The Darkest Hour (KGI #1) by Maya Banks

The Darkest Hour (KGI #1) by Maya Banks

It’s been one year since ex-Navy SEAL Ethan Kelly last saw his wife Rachel alive. Overwhelmed by grief and guilt over his failures as a husband, Ethan shuts himself off from everything and everyone.

His brothers have tried to bring Ethan into the KGI fold, tried to break through the barriers he’s built around himself, but Ethan refuses to respond… until he receives anonymous information claiming Rachel is alive.

To save her, Ethan will have to dodge bullets, cross a jungle, and risk falling captive to a deadly drug cartel that threatens his own demise. And even if he succeeds, he’ll have to force Rachel to recover memories she can’t and doesn’t want to relive—the minute by minute terror of her darkest hour—for their love, and their lives, may depend on it.

The Darkest Hour (KGI #1) by Maya Banks

I was stuck in a reading rut recently and decided to go back and reread some books. I’ve been struggling to find romantic suspense that works for me, and so I picked up my battered paperback copy of The Darkest Hour.

Maya Banks’ KGI series started off brilliantly, but took a nosedive a few books in, firstly when a couple of books totally out of the blue became paranormal romances, and then when the suspense aspect seemed to entirely disappear. However, books one and two are great – and great for a reread.

When this book first came out I found it a little problematic. Why? Because it borrowed heavily from some other books, and I was having a little trouble seeing the originality in the story.

Take Cindy Gerard’s To the Brink:

Former Special Forces soldier Ethan Garrett runs a private security company with his siblings. When his estranged wife is being held captive in the jungle because she accidentally came across information she wasn’t supposed to have, he goes with his siblings to rescue her. He is shot in the process.

And then The Darkest Hour:

Former Special Forces soldier Ethan runs a private security company with his siblings, including his brother Garrett. When his estranged wife is being held captive in the jungle because she accidentally came across information she wasn’t supposed to have, he goes with his siblings to rescue her. He is shot in the process.

However, there’re other aspects of The Darkest Hour that make it stand out from the crowd and mark it as more original work. There’s high drama and lots of action, and it has everything about the genre I enjoy so much and haven’t been finding as often in recent years.

The parts with Ethan and his wife Rachel (whose physical description is not given at all – Maya Banks often forgets to describe her female characters) are great. The drama sure doesn’t finish with the rescue, and there’s a strong driving force behind the constant danger Rachel is in.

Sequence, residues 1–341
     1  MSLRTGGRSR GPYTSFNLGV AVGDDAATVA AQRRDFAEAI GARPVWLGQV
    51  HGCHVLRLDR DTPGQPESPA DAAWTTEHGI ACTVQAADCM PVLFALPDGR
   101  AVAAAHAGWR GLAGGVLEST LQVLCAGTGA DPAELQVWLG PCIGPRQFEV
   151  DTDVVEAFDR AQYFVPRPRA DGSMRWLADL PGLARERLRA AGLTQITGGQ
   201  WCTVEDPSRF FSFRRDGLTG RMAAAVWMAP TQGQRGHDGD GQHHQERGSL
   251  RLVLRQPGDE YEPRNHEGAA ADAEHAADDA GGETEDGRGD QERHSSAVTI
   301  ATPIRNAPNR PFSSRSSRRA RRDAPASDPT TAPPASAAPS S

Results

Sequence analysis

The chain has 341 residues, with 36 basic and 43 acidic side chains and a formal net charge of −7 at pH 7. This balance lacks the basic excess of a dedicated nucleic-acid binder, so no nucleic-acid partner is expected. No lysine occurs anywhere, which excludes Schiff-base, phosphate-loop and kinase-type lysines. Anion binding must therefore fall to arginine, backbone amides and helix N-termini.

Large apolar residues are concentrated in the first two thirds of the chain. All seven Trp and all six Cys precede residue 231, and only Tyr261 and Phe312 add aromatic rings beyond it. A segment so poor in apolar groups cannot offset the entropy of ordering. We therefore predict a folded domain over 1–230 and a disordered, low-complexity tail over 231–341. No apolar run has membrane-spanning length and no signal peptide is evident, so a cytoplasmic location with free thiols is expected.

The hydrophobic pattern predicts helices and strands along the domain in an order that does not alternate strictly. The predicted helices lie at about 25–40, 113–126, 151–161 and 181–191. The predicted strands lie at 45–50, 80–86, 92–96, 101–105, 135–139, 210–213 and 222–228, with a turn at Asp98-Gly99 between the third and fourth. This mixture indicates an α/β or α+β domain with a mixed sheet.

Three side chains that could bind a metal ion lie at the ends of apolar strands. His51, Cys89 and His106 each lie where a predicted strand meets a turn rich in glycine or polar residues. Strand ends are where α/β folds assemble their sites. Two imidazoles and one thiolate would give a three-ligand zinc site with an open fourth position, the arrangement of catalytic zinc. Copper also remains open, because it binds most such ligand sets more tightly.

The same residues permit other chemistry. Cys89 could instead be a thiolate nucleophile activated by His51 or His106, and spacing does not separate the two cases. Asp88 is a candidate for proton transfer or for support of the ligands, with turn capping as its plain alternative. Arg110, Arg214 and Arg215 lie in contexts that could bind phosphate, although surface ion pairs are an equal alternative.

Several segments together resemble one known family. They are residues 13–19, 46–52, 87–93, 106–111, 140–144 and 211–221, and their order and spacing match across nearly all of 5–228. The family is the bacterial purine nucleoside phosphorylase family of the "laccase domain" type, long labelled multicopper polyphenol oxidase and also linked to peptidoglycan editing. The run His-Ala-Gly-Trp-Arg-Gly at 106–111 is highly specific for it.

I’m not so fussed on the twenty thousand secondary characters being introduced for future books, and would be happy if the smothering, irritating mother Marlene disappeared from the series entirely!

One thing I’m not so sure about is the (very descriptive) bedroom scenes, which didn’t really work for me. Rachel is sick, traumatised, and has trouble remembering her marriage (due to drugs she was given in captivity). And yet it all seems to be about her pleasuring her husband and her doing everything – very man-centric sex!

This book is definitely worth a read. Half of it is just fantastic, while other parts aren’t really my thing. However the good far outweighs the bad, and this is the kind of romantic suspense – dramatic and full of action and danger – I want to read.

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5 thoughts on “The Darkest Hour (KGI #1) by Maya Banks

    1. Years ago I liked some of Christine Feehan’s similar paranormal ‘enhanced soldier’ books, but my preference is generally for genres not to be all mixed up!
      I don’t like when a series starts breaking the rules of the ‘world’ that have already been created. One genre per series!

      1. I have to agree with you on breaking the rules of the worlds you have created. Why not just start a new series if you want to do paranormal when your world has been straight normal? If you are writing a book where the world has been normal to the heroine until she ‘finds out’ then fine, bot taking a hard turn from established ideology doesn’t work for me.

        When you say ‘mixing genres’ do you mean you don’t like thing like ‘romantic suspense’? Or just shooting off into left field in a series?

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